Snipe, Corn Bunting, a flowery machair field and an iris bed harbouring a Corncrake.
The month ahead looks busy, with visits to a number of far-flung sites in the UK, some new and some old favourites. The month started with a quick tour of Scotland, including a trip across to North Uist and Benbecula. Walking through the machair of North Uist is a revelation compared to breeding wader sites in the south of England; there are birds everywhere. Lapwing, Snipe, Dunlin, Redshank, Oystercatchers and Ringed Plovers all giving the tell-tale alarm calls of nesting activity in contrast to the depressing quietness of some recent visits to ‘wet’ grasslands down south.
So what is machair and why is it so good? Machair consists of a mosaic of dry and damp semi-natural grasslands, marshes and standing water. It has developed as a result of the combination of soils derived from wind-blown shell sand, a wet, windy climate and low-intensity crofting agriculture.
The waders of the machair are of very high conservation value, the first full survey of the Uists in 1983 estimated that it supported at least 17,000 pairs of the six main species. Significantly, the Uists have no native terrestrial mammal predators. Unfortunately, humans have introduced several potential predators, including Brown Rats, Hedgehogs and Mink. However, there have been various attempts to remove these. Strangely for southern eyes, Little and Arctic Terns also nest in loose groups across the fallow machair fields, forsaking the nearby glorious shell sand beaches. No doubt another effect of the lack of ground predators.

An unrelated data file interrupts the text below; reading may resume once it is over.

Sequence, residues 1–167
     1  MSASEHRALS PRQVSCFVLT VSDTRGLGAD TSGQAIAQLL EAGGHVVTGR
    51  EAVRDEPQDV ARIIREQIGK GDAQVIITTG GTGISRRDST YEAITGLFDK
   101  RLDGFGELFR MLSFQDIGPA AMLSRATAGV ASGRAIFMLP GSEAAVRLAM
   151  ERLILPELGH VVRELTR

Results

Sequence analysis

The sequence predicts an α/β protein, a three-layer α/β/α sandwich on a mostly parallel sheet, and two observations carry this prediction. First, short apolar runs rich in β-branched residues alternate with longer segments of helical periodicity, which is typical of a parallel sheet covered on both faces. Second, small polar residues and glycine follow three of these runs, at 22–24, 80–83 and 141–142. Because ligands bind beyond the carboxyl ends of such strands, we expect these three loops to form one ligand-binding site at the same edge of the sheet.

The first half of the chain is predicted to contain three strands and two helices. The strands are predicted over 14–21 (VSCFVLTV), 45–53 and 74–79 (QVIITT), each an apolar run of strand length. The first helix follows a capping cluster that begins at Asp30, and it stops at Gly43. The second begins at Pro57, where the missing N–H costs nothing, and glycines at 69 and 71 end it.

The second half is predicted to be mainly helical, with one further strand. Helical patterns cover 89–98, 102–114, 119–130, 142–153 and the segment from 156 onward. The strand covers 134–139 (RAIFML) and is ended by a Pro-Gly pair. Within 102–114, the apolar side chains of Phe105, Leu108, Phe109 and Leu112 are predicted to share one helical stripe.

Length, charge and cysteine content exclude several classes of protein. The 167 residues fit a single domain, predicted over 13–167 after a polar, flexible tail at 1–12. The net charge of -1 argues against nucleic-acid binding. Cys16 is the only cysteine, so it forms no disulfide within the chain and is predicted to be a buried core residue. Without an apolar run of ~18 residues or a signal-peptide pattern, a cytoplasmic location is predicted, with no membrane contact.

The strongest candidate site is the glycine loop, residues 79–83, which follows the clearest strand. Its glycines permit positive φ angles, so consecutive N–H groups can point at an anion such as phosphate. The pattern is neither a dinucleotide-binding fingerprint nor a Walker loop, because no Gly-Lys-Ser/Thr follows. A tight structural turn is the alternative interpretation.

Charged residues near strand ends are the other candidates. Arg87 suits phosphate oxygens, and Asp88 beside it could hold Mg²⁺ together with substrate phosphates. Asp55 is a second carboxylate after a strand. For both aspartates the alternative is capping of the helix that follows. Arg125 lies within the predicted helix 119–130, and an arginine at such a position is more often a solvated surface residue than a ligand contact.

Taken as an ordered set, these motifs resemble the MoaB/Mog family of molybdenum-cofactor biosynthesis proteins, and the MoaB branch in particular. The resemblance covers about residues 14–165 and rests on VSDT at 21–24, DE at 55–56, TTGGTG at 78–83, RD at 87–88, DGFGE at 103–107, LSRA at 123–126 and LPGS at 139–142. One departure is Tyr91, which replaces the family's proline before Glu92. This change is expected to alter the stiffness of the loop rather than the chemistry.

Apart from waders there is plenty to see. The flower-rich fields support huge numbers of orchids including the endemic Hebridean Marsh Orchid. With 100 or so male Corncrakes on North Uist, it was not a surprise to hear one calling from just about every bit of suitable habitat. Other highlights included Red-necked Phalaropes, Golden and White-tailed Eagles, 3 species of diver, Pomarine Skua and Bonxie, breeding Whooper Swan, Hen Harriers, Twite and Corn Buntings everywhere.